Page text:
Tuesday, June 20, 2006

How to save streaming media for offline viewing

Many a times we want to save online webcast streams (.wmv, .asx, .asf) but Windows Media Player doesn't save these streams which makes it impossible to view online webcasts in offline mode when you are not connected to Internet.

Among all the download managers that I tested, only Flashget was able to download and save streaming media contents because it supports mms:// protocol. With the latest version 1.72, it is completely free.

Download Flashget here: http://www.flashget.com/

1 comment:

andy said...

Web casting, or broadcasting over the internet, is a media file (audio-video mostly) distributed over the internet using streaming media technology. Streaming implies media played as a continuous stream and received real time by the browser (end user). Streaming technology enables a single content source to be distributed to many simultaneous viewers. Streaming video bandwidth is typically calculated in gigabytes of data transferred. It is important to estimate how many viewers you can reach, for example in a live webcast, given your bandwidth constraints or conversely, if you are expecting a certain audience size, what bandwidth resources you need to deploy.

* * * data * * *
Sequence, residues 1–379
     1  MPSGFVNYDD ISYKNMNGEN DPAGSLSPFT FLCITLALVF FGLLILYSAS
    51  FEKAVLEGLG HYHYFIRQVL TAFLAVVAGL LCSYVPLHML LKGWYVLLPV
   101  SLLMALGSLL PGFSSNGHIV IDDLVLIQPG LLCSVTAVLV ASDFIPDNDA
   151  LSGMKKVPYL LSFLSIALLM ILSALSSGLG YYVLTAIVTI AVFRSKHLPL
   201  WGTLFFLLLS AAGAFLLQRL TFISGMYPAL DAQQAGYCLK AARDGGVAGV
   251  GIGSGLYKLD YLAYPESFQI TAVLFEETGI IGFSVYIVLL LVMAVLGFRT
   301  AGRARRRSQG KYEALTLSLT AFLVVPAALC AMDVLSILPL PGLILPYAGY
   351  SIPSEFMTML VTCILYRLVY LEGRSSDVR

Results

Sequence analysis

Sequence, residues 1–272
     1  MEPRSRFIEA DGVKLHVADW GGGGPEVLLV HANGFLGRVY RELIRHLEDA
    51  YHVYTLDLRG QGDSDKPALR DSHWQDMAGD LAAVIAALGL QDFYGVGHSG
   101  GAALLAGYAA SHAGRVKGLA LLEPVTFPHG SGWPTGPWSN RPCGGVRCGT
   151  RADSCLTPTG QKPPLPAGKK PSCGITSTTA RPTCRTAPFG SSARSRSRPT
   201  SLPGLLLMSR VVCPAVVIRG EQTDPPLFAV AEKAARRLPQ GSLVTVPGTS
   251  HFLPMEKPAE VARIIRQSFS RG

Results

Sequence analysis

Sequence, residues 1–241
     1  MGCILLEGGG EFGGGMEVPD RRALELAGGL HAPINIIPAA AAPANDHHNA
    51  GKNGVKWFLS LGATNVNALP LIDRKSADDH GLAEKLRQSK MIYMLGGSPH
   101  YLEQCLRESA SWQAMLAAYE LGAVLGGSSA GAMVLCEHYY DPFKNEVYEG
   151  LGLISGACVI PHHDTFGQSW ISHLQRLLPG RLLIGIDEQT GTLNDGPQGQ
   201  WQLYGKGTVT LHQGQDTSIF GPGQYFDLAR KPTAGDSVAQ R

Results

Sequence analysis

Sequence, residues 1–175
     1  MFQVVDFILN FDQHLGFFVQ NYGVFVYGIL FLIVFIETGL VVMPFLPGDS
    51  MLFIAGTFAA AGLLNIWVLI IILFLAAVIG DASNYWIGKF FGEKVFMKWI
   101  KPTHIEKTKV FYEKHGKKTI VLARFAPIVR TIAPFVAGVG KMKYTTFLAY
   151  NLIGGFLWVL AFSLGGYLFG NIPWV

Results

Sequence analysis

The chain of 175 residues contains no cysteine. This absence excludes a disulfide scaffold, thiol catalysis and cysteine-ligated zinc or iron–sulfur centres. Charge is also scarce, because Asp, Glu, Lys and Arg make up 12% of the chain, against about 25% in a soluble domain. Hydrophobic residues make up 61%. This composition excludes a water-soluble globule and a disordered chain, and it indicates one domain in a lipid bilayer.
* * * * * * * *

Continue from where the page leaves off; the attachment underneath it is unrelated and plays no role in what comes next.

To estimate how many viewers you can reach during a webcast, consider some parlance:
One viewer: 1 click of a video player button at one location logged on
One viewer hour: 1 viewer connected for 1 hour
100 viewer hours: 100 viewers connected for 1 hour…

Typically webcasts will be offered at different bit rates or quality levels corresponding to different user’s internet connection speeds. Bit rate implies the rate at which bits (basic data units) are transferred. It denotes how much data is transmitted in a given amount of time. (bps / Kbps / Mbps…). Quality improves as more bits are used for each second of the playback. Video of 3000 Kbps will look better than one of say 1000Kbps. This is just like quality of a image is represented in resolution, for video (or audio) it is measured by the bit rate.